It’s likely that you’ve hired your employees based on their skill set and experience, and sometimes that past experience is enough to make the perfect fit. But more often than not, even the best employees can benefit from training opportunities, and those benefits will extend into the product or service your company provides.

In the past, training wasn’t always financially feasible, and the costs may have outweighed those benefits. Fortunately, today’s employers can tap into online education services that are offered for free or next to nothing.

From coding classes to writing courses, these four sites can offer your employees quality skill building opportunities that will have a big impact in the workplace.

 

Microsoft Virtual Academy

Microsoft programs are so widely used that it seems commonplace to see things like “proficient in Microsoft Office” on a resume.  It’s also fairly common to find varying definitions of “proficiency.”  At the Microsoft Virtual Academy, students can hone those skills and truly become proficient at programs like Excel and Word.

Of course, the course offerings extend well past the Office suite, and are available for most Microsoft products including Exchange, Visual Studio, and SharePoint.  More in-depth courses for IT pros and developers are available as well.  The best part? They are all free.

edX

As someone who has opted to use edX in my quest for professional development, I can say that edX is a favorite; most critics agree. The open source operation makes it possible for schools like MIT, Harvard, Berkeley, and Boston University to provide willing students with quality instruction.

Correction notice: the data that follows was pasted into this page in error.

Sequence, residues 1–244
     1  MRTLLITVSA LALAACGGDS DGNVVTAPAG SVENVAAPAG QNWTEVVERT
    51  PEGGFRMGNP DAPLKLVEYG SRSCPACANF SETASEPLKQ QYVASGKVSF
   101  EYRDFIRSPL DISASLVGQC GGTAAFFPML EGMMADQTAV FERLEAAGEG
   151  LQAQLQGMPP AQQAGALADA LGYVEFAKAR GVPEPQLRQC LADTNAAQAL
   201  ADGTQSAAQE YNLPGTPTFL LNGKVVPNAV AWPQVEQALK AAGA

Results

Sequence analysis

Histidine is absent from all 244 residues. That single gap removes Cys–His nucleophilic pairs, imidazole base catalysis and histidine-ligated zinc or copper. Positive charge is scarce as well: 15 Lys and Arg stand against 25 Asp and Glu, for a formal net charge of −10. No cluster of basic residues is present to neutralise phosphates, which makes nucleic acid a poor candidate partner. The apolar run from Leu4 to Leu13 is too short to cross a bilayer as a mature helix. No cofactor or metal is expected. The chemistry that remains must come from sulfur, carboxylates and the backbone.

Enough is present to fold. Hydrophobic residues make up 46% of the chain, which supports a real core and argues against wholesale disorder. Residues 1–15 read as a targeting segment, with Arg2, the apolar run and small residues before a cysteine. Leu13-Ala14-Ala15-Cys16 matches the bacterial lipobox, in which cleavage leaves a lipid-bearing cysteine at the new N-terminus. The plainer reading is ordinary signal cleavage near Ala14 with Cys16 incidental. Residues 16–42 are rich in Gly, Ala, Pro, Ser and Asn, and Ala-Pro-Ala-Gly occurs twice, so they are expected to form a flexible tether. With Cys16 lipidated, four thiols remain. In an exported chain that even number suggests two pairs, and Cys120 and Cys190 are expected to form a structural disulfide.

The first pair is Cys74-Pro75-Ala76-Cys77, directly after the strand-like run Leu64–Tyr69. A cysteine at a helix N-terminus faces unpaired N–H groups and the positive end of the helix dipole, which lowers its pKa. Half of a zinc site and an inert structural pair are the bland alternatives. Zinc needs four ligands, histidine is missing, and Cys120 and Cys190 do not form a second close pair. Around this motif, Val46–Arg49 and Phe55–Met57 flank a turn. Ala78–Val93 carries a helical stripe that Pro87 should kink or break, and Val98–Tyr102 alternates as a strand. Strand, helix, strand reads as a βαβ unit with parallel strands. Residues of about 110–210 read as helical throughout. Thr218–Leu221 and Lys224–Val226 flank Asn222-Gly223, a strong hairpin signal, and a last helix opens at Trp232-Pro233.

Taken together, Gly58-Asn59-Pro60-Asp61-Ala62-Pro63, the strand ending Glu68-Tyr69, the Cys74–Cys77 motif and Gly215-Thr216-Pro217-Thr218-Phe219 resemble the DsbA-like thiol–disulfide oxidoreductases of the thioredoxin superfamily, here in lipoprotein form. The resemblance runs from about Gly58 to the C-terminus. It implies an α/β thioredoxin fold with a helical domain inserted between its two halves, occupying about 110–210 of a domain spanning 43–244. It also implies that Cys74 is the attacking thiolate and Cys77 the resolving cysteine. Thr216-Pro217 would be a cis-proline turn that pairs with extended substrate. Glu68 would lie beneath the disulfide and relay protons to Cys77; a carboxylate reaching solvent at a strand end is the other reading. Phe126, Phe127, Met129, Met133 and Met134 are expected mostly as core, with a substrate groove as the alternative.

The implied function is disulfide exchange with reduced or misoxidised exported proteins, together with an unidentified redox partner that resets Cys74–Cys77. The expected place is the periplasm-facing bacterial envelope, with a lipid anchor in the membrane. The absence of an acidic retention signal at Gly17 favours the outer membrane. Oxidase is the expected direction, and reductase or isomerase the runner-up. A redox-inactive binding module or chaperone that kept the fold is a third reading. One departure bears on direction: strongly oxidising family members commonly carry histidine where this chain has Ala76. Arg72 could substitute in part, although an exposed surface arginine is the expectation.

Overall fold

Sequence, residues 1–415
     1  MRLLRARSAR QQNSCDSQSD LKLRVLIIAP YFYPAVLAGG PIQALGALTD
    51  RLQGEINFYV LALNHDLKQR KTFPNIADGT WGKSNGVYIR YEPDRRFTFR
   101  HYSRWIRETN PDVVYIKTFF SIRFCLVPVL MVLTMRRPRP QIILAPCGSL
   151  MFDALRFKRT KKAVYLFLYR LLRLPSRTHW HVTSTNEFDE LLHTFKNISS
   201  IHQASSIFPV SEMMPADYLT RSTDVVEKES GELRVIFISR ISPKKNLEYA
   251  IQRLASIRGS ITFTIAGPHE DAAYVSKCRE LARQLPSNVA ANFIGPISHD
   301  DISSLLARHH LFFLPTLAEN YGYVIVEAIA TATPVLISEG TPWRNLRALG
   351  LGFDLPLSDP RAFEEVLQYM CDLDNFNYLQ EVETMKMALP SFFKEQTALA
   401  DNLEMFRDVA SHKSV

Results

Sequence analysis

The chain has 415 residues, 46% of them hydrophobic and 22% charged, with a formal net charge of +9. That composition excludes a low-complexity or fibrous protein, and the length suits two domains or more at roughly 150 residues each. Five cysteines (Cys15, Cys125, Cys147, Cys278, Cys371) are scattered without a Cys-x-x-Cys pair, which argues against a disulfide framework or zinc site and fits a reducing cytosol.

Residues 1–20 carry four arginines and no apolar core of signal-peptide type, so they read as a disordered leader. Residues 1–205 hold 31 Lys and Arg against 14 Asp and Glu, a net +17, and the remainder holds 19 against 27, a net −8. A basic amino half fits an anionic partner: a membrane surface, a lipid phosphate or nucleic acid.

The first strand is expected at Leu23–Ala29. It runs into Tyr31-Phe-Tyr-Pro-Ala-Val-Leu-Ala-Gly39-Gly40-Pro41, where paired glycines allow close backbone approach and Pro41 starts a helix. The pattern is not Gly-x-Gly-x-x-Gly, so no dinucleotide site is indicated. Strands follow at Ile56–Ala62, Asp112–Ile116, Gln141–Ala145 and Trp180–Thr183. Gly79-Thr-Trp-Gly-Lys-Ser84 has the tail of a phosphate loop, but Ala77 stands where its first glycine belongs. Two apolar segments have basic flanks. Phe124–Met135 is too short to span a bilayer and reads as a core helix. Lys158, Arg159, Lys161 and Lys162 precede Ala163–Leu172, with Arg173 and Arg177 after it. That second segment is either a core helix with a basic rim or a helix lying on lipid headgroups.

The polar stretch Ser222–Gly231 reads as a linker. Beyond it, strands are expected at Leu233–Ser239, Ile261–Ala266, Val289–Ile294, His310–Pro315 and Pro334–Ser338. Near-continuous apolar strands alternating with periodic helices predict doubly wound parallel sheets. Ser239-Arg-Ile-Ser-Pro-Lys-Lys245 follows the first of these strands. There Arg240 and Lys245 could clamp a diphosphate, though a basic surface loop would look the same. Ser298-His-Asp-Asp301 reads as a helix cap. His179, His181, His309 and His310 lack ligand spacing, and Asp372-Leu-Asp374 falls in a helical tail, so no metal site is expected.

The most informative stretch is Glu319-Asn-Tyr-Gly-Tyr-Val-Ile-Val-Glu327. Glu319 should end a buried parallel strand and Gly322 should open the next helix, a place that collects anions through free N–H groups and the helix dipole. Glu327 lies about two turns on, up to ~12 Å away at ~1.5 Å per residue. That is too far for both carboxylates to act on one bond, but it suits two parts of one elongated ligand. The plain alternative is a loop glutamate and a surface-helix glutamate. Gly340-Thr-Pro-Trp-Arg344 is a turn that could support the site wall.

From business management and data analysis to the humanities and language development, students have the opportunity to engage in 4 to 12 week courses. Courses can be self-paced or users can commit to a schedule.  Many classes are free, but those wishing to receive a certificate to validate completion can typically expect to pay between $49 and $90 (although it does vary).

Coursera

Similar to edX, Coursera has a significant course catalog that spans a wide range of disciplines and includes top schools like Duke, UC Davis, Stanford, and U Penn.

Though Coursera does offer free access to course material, users do need to pay for access to the complete course offering, which includes graded assessments and certificates. Additionally, most courses are offered during scheduled sessions, meaning users need to complete them during the posted dates.